Growing up I have always had two great interests, reading and writing. For the longest time I believed that when the time comes, I would have to choose just one to study at University – so I chose to pursue a masters in literature in Pakistan. When I started looking to pursue further studies, I was conflicted once again. Should I choose literature, or should I choose writing?
When I was searching universities to apply to, Deakin was the first university to grasp my interest. With a multitude of courses catering to so many different avenues, I knew that once I started studying at Deakin, I would have plethora of opportunities to grow in various fields.
When I found Deakin’s Master of Arts (Writing and Literature), I was ecstatic. A course that not only allowed me to follow both passions but also allowed me to excel and work in both fields with numerous internship opportunities as well as renowned teachers to learn and study from.
The campus and accommodation provided by Deakin was another reason. As I took online campus and dorm tours, I could truly imagine the safety and comfort provided to students. It seemed like the best place to move to alone for the first time.
After I gained an interest in Deakin, I also started researching the city of Melbourne and the surrounding areas, and I was not disappointed. I found such a vast array of cultures and ethnicities being promoted and supported, it again put my mind at ease regarding safety and acceptance.
My application was already in process when the COVID-19 global pandemic hit. I had two choices; either I put my studies on hold or move forward with Deakin’s O2O pathway. I chose to continue with the O2O pathway because I was adamant that I would continue my studies and start learning as soon as possible. Furthermore, I well and truly believed that the international travel restrictions would be eased soon enough, however, that didn’t really work out. But with Deakin’s O2O pathway I still have faith that sooner rather than later I can travel and take classes in Melbourne, Australia, and enjoy campus life.
The information provided of the O2O pathway was perfectly detailed and easily accessible. As an international student, there were many questions that I had and each query was perfectly catered for and explained, whether it was through an enquiry or call. Deakin staff and their replies have always been quick and concise and efficient. I salute the patience of everyone responding to and helping students in these conflicting times.
Starting my degree online
There are many advantages to studying online. One of the greatest advantages is the recorded classes. Even after attending the live session, if there was any confusion or if I want to refresh what I have learned, the lectures are easily available to re-watch. Secondly, there is comfort in attending classes from your own home. Sitting in an environment that is wholly familiar and comfortable when taking classes truly eases the stress that you might feel.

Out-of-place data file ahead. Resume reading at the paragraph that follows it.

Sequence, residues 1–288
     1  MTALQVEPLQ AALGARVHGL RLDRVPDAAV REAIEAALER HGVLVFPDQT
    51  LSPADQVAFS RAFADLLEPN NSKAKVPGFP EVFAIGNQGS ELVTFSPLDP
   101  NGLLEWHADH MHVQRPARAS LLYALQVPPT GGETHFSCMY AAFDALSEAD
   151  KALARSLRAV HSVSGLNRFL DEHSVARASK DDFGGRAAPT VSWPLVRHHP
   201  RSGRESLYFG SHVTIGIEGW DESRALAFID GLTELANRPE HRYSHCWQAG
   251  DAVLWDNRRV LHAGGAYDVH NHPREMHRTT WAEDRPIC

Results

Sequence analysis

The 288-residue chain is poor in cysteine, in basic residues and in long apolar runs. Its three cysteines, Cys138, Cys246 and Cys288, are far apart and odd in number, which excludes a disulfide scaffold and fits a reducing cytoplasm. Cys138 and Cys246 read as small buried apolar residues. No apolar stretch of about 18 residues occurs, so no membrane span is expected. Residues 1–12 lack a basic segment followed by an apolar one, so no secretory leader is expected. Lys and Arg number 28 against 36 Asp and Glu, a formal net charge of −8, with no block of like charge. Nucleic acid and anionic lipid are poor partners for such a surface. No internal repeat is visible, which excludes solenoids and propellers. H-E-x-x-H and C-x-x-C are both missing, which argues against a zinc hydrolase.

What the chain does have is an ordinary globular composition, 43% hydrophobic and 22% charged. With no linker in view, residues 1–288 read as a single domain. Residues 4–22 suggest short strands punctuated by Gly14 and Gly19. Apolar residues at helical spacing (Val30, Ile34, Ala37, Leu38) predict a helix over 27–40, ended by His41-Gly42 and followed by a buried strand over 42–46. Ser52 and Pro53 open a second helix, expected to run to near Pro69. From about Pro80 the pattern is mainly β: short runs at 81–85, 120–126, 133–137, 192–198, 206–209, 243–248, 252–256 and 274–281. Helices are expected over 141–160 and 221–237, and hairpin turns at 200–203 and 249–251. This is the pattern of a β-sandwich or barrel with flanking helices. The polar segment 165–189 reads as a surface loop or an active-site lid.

The weekly readings are available on Deakin’s online Cloud Campus for the students to read and study before classes. The classes are either held on Zoom or the ‘Blackboard Classroom.’ I personally preferred the ‘Blackboard Classroom,’ because it is much easier to engage with the teachers and students. The assignments are all submitted online, and results are released in a weeks’ time.
The greatest support offered by Deakin is truly the around-the-clock help lines that are set up. No matter what the question or confusion, Deakin staff have always been fully available to respond and talk to. Furthermore, the Deakin website is in itself extremely up to date and clear leading to relevant information rather than being spun around in circles.
Studying online also presents some challenges, most that I have never truly faced before. Challenges like the time difference between Pakistan and Melbourne (although the University kindly records lectures), poor internet connection and not being able to physically use the library resources.
I am greatly looking forward to on-campus study. To finally be able to form friendships and build communities, to take part in activities and societies, and have face-to-face interactions with my teachers and fellow students. Hopefully on-campus classes will cease to become a distant reality soon enough.
I am hoping that the near future will revolve around successfully completing my degree at Deakin, with the opportunity of studying on campus when international travel restrictions ease.
After that, I hope to work for a publishing company, reading through manuscripts and helping up-and-coming writers to perfect their craft so that their stories can be read by the people. Who knows, maybe I’ll be lucky enough to have my own writings published one day.